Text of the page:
Cathy at 746 Books is hosting the 20 Books of Summer reading challenge again this year. By Cathy’s own admission, she doesn’t have a great track record with her own challenge… But I do! As I’ve done in previous years, I’m using this challenge to read from my to-be-read stack (with a particular focus on hard copies). The challenge is straightforward – read twenty books between June 1st and September 3rd. Continue reading
I’ve got so many deal-breakers when it comes to historical fiction that I sound like a pain. You can read about them here. Or you can simply ignore my carry-on and know that I really enjoyed Amy Bloom’s White Houses.
The story is told from the perspective of Lorena Hickok, known as ‘Hick’. Hick grew up in poverty in South Dakota, suffered abuse at the hand of her father, and was sent to work at a young age. Resourceful and tenacious, she soon carved a career as a journalist. When she met Eleanor Roosevelt in 1932 (while covering Franklin’s first presidential campaign trail), a friendship developed, which soon turned to love.
Hick took a job in the Roosevelt administration and moved into the White House, where her status as ‘first friend’ was an open secret, as were Franklin’s own lovers.
Missy and Franklin put a smile on reporters’ faces. Eleanor and I were no one’s favourite secret. I tended to scowl. Continue reading
Three thoughts on Undue Influence by Anita Brookner:
01. Never have I wanted to shake a character hard and say “Get a grip” as much as I have wanted to with Claire Pitt. Continue reading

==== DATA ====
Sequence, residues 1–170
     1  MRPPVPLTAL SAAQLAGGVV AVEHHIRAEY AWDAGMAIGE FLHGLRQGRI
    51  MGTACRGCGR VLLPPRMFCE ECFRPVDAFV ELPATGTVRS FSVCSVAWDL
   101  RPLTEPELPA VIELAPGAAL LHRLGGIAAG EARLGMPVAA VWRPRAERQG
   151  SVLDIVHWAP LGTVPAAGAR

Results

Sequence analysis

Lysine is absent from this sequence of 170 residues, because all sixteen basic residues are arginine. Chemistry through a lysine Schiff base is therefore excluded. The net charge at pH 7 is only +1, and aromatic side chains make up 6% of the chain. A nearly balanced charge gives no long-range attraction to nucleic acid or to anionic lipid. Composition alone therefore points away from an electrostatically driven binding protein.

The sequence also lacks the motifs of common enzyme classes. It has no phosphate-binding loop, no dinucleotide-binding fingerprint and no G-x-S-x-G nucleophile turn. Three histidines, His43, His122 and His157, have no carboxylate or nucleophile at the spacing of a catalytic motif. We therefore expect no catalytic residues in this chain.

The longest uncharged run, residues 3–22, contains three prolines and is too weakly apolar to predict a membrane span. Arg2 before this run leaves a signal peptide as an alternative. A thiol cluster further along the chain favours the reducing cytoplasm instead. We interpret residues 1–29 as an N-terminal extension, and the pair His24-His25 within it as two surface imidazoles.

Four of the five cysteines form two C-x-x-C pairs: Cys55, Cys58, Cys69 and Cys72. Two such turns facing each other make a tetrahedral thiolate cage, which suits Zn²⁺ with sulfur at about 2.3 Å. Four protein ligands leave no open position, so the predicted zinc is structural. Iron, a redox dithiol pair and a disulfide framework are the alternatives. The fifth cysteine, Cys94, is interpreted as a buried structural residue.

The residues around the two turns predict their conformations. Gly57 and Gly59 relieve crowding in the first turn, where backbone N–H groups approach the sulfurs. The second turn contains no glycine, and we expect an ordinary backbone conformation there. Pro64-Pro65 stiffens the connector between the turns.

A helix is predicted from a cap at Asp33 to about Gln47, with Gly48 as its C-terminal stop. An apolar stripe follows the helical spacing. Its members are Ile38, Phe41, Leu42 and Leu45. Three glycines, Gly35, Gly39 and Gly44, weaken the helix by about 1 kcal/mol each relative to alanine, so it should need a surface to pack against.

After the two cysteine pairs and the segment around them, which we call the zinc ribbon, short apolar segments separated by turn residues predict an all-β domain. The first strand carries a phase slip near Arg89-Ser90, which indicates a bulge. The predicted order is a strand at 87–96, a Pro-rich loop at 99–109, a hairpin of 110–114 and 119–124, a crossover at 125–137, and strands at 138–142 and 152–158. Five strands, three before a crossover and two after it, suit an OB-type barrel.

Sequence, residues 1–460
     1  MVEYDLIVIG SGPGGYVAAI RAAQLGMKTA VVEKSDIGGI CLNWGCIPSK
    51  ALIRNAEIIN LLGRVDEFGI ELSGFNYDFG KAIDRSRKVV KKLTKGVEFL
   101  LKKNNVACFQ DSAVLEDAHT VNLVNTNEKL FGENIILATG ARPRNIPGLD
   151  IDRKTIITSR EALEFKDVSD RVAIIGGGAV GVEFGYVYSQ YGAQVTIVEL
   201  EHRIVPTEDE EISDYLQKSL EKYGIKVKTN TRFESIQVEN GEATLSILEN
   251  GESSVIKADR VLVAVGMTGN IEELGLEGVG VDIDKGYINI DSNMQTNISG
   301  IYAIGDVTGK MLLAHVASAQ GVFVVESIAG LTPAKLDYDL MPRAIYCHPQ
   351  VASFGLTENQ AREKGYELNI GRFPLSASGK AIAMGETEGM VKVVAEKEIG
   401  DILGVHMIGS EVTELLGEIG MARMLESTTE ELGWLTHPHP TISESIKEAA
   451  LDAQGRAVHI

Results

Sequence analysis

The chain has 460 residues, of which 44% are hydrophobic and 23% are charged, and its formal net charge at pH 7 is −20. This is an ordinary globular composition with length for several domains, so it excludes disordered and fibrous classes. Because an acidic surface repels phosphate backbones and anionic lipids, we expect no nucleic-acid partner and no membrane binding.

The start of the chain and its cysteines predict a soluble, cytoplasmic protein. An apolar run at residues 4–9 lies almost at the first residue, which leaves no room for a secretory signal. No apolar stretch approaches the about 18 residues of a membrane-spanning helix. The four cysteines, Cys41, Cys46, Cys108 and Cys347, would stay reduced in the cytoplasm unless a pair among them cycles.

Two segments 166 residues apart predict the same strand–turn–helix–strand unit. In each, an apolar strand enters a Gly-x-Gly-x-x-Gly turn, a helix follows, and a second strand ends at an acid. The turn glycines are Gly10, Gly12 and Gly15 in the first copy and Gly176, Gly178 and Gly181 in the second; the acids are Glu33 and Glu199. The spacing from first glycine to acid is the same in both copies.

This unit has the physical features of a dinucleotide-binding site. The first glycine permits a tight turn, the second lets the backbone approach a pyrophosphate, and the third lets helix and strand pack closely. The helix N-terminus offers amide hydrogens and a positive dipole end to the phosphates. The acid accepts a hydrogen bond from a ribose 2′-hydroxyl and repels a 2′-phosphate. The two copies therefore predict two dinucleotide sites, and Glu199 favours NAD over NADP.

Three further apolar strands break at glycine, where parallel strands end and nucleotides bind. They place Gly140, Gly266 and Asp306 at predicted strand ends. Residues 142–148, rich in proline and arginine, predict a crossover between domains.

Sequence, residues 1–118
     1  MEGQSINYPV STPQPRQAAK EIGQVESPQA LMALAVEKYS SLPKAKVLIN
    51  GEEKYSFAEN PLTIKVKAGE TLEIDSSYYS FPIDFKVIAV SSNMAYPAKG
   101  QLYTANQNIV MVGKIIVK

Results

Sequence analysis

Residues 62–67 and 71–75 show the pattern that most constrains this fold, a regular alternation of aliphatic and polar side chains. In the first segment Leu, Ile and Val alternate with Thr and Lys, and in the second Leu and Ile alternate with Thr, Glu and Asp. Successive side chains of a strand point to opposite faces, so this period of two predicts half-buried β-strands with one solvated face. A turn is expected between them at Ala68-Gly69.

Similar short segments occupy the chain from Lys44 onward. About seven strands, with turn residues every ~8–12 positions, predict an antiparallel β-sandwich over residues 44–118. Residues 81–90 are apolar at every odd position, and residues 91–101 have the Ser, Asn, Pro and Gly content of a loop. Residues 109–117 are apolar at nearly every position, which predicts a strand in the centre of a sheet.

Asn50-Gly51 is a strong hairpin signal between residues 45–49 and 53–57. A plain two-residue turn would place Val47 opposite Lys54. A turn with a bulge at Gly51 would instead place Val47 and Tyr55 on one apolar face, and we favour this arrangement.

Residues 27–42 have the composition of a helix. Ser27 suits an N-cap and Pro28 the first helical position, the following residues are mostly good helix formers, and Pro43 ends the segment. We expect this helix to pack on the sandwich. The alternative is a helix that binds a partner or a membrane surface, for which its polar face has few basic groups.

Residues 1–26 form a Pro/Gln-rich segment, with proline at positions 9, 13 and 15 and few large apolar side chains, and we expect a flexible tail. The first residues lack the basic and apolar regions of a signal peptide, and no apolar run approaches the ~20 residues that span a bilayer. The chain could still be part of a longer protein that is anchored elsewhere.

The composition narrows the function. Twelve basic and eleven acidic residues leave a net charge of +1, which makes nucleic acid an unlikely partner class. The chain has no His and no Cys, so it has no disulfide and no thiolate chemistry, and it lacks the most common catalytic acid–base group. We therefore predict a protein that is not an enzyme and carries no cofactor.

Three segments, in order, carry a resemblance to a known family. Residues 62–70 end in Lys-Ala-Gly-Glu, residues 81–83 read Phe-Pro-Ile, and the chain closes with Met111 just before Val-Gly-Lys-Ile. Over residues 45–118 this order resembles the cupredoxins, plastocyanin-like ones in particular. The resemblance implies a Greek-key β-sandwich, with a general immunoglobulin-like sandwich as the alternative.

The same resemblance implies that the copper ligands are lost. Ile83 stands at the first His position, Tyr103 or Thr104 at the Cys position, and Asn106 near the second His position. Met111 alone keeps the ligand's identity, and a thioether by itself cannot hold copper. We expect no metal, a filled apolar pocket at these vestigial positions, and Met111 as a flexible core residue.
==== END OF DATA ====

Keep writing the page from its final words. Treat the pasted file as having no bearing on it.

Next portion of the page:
You know when someone asks how you are and you say “Fine”, despite the fact that your day/week/month/year has been completely shit?
That basically sums up the main character in Gail Honeyman’s smash debut, Eleanor Oliphant Is Completely Fine. Obviously Eleanor Oliphant isn’t fine. In fact, she’s a lonely young woman, set in her rather odd ways. A chain of events forces her to re-evaluate life.
I enjoyed Eleanor’s odd take on things and her formal, stilted interactions with others were strangely endearing.
Save for the exquisite oeuvre of a certain Mr Lomond, I have yet to find a genre of music I enjoy; it’s basically audible physics, waves and energized particles, and, like most sane people, I have no interest in physics. It therefore struck me as bizarre that I was humming a tune from Oliver! I mentally added the exclamation mark, which, for the first time ever, was appropriate. Continue reading
Curtis Sittenfeld’s You Think It, I’ll Say It is a tough act to follow on the short-story front but nonetheless, I figured Jeffrey Eugenides’s first collection, Fresh Complaint, would be a reasonable bet.
The collection opens with Complainers, a gentle story about the decades-long friendship between two women, and how their relationship changes when one is diagnosed with dementia. I feel like I’m reading about dementia at every turn at the moment, but Eugenides’s take on it from the perspective of a friend was refreshingly different.
Dementia isn’t a nice word. It sounds violent, invasive, like having a demon scooping out pieces of your brain which in fact is just what it is. Continue reading